In Pennsylvania, employees who are injured on the job are entitled to workers’ compensation benefits from their employer and/or their employer’s insurance carrier. Workers’ compensation benefits provide an injured employee with compensation for (1) lost wages during the time the employee misses time from work due to his work injury, and (2) payment of all work-related medical expenses. If an employee suffers a loss of vision, hearing, or loss of, or loss of use of an arm, hand, finger, leg, foot or toe, the employee is also entitled to recover specific loss benefits (the amount of which is directed by statute). Contrary to popular belief, injured employees are not entitled to recover damages for “pain and suffering” against their employer or its insurance carrier.
Workers’ compensation benefits are considered “no fault” benefits. In other words, even if the employee was negligent or careless in causing his own injuries, subject to some limited exceptions, he is still entitled to workers’ compensation benefits. Workers’ compensation benefits are also the exclusive remedy an injured employee has against his employer. Again, subject to some limited exceptions, even if the employer was negligent or careless in causing the employee’s injuries, the injured employee can not sue or pursue a claim against his employer for any additional damages beyond those he is entitled to under the Workers’ Compensation Act.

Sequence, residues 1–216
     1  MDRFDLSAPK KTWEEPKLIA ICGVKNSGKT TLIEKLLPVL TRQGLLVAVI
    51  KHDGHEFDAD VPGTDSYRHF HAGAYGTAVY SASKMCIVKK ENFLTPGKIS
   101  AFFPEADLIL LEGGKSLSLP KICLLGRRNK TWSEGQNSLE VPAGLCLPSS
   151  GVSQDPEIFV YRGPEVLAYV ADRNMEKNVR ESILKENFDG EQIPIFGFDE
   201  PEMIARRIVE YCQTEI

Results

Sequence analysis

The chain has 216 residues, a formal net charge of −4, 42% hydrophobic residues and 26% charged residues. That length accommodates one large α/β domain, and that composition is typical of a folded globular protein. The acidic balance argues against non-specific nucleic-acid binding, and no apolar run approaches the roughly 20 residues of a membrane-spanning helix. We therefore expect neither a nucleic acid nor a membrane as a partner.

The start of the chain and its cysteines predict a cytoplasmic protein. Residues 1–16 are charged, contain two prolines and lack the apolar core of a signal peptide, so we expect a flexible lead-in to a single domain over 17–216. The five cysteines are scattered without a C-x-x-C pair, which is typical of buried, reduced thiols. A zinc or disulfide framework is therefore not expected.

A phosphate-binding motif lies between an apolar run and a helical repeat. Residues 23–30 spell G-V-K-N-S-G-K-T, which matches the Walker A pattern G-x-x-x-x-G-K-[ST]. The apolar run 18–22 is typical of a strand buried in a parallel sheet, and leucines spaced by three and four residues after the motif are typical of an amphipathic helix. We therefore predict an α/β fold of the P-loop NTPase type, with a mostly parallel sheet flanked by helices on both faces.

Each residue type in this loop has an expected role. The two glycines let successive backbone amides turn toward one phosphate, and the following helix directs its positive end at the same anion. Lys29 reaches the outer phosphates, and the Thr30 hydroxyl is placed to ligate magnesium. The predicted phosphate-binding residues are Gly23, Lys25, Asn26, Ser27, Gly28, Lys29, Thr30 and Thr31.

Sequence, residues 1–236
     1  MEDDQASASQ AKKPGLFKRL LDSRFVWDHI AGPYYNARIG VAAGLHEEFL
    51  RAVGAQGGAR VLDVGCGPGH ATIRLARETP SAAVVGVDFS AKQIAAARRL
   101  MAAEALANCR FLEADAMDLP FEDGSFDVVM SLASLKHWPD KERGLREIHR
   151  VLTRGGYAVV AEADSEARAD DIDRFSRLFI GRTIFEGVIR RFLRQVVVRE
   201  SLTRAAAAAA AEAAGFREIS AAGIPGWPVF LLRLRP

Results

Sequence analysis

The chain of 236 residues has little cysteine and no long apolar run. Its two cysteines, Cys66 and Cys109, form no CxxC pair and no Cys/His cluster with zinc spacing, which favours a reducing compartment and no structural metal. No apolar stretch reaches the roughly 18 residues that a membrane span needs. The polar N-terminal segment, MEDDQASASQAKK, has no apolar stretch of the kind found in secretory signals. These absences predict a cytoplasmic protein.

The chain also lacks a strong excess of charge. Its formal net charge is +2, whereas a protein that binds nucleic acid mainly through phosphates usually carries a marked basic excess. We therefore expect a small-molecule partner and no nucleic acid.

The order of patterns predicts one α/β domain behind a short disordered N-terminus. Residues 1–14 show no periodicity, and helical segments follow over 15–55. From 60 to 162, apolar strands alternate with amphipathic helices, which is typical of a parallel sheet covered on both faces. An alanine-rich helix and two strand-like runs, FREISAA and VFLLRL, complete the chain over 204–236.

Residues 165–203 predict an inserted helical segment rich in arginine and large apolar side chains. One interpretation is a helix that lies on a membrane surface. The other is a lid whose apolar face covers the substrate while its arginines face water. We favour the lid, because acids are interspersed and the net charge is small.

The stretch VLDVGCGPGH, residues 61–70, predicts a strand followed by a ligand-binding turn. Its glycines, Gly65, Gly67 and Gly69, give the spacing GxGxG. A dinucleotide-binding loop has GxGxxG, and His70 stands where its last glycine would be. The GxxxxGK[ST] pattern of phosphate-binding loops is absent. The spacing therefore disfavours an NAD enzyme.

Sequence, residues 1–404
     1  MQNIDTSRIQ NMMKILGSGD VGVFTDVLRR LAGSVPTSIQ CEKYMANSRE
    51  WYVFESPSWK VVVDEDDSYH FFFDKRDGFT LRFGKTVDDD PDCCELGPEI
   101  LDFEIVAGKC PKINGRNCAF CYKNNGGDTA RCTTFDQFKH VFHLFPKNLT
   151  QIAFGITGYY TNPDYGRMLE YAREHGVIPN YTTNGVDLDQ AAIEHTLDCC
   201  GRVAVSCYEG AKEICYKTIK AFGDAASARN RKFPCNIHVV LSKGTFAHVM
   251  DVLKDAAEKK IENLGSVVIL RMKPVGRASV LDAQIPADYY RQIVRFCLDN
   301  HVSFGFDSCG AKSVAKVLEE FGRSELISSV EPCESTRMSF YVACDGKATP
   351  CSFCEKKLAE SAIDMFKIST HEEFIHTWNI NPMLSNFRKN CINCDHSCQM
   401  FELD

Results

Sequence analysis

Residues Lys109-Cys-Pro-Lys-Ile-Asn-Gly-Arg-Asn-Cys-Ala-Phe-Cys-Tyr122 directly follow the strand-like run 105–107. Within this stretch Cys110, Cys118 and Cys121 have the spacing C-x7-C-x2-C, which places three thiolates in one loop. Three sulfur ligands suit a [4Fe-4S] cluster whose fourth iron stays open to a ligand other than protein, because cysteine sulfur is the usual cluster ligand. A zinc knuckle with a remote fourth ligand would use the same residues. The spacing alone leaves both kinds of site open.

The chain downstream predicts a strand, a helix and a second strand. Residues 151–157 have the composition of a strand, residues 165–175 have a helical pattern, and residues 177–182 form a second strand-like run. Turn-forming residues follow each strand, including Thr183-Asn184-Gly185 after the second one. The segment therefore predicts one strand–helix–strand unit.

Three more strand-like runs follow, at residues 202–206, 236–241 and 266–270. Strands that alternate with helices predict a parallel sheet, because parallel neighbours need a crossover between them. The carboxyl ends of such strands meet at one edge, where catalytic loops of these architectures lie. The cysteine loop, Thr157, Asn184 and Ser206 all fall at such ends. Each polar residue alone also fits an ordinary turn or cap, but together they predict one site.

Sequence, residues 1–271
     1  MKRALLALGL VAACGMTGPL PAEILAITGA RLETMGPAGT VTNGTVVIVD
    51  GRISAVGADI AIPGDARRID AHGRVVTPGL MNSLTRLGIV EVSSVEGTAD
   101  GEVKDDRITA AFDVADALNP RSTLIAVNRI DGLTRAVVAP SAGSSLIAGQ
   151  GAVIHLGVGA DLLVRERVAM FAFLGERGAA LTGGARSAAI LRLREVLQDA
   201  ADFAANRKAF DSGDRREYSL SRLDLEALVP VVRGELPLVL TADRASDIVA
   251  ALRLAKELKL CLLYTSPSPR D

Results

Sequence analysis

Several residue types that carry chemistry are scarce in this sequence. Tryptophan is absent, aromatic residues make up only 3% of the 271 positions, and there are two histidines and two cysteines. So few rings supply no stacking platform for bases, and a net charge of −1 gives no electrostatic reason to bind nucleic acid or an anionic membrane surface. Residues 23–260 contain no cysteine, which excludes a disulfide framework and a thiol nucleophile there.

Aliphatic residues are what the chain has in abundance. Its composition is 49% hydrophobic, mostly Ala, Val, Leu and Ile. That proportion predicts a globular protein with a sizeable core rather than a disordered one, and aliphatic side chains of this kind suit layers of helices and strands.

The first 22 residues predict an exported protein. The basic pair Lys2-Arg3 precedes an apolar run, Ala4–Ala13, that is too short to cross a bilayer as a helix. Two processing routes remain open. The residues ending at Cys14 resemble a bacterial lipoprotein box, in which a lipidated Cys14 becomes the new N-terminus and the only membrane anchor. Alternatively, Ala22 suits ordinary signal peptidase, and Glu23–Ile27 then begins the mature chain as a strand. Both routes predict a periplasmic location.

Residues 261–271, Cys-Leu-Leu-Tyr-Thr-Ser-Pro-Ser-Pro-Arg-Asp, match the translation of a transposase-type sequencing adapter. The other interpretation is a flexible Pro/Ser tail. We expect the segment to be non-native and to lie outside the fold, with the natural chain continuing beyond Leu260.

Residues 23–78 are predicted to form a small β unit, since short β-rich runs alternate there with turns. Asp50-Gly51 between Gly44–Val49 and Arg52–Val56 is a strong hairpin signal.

Although an injured employee generally can not sue his employer to recover damages relating to a work injury, if a third party’s negligence caused the injured employee’s injuries then the injured employee can pursue a claim and/or sue the responsible third party for damages. The injured employee could recover damages for “pain and suffering” against a negligent third party. An example of when an injured employee could pursue a claim for damages against a negligent third party would be where the employee was injured while using a defective machine. Under those circumstances, the injured employee could pursue a claim for damages against the manufacturer and seller of the defective machine which caused his injuries. Another example where an injured employee could pursue a claim for damages against a negligent third party would be where the employee was injured while working on a construction site. If the employee’s injuries were caused by another contractor’s (or his employee’s) negligence, then the injured employee could pursue a damage claim against the contractor (or his employees) who caused his injuries.
If you have been injured on the job, or if you have any questions regarding workers’ compensation law and right to benefits and damages, call DLP for a free consultation at 570-347-1011.
John P. Finnerty, Esquire